A few years ago, our grandson was eagerly opening his birthday presents with typical three year old smiles and laughter. Pulling the last of the tissue paper out of a bag, he all at once grabbed hold of a small package, held it up and shaking with excitement, shouted at the top of his lungs, “BATTERIES!!!”
He didn’t give the gift that required those batteries anywhere near the same enthusiasm, even though it was a coveted Buzz Lightyear flashlight. In his young life, he had already learned that many of the things he loved to play with required this power source. No matter how wonderful the toy, dead batteries meant it didn’t work right. Of all the gifts he received that evening, he prized his batteries the most.
While driving through the beauty of Yellowstone on a recent vacation, someone brought up the battery story. It always makes us laugh and has become one of those family vocabulary words that is full of meaning. It settled on my heart a bit differently this time and some new thoughts emerged.
What motivates us as individuals when we take a stand, offer our opinion, and try to make a point? What powers our batteries when we put forth the energy to let our voice be heard?
Things are changing fast in our world today. Some topics we might agree with and others we might vehemently oppose. We are blessed in this country with freedom of speech and it appears that the masses are exercising that right. I have no issue with honest debate and I am not afraid of someone disagreeing with me while they hold fast to the beliefs contained in their heart, no matter how different they may be from mine. What I find alarming, is that the level of civility during these debates has dropped considerably.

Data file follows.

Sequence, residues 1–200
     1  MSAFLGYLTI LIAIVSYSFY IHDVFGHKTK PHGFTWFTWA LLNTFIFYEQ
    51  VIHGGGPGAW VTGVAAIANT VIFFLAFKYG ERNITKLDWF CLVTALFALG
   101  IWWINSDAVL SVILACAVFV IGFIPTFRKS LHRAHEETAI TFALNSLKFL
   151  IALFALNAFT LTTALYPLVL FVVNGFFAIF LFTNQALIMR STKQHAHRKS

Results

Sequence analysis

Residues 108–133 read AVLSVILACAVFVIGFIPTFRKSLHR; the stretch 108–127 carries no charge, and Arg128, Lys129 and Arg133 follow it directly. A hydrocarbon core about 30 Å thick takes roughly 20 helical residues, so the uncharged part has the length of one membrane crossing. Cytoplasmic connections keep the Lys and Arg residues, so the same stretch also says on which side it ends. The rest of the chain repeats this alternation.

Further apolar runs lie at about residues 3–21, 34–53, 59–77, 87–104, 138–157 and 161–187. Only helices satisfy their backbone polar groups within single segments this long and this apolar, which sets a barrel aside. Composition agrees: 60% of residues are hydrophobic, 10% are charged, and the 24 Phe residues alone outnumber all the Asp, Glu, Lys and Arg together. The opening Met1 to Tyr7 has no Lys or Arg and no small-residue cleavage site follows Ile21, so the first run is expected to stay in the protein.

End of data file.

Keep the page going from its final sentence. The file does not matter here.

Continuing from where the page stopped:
Our process of communication isn’t working right, because we are running out of battery. No matter how grand the platform, or how wonderful the cause, we are stalling in our efforts to effectively communicate our stance, get a valid point across, or understand a differing viewpoint, because we don’t have what it takes to power our movement:
Paul taught in 1 Corinthians 13, that though we have knowledge to understand all mysteries, faith enough to move mountains, and bestow all our goods to feed the poor …without love we are nothing.
Think of the amount of faith we must have to move a mountain. Imagine what we would know to understand all the mysteries of God. Yet these are not enough to make up for the lack of love in our life. How we treat and communicate with others is of paramount importance. If we would heed the Lord’s commandment, then we should be ever striving to love others as He loves us.
Then maybe our broken things will be whole again.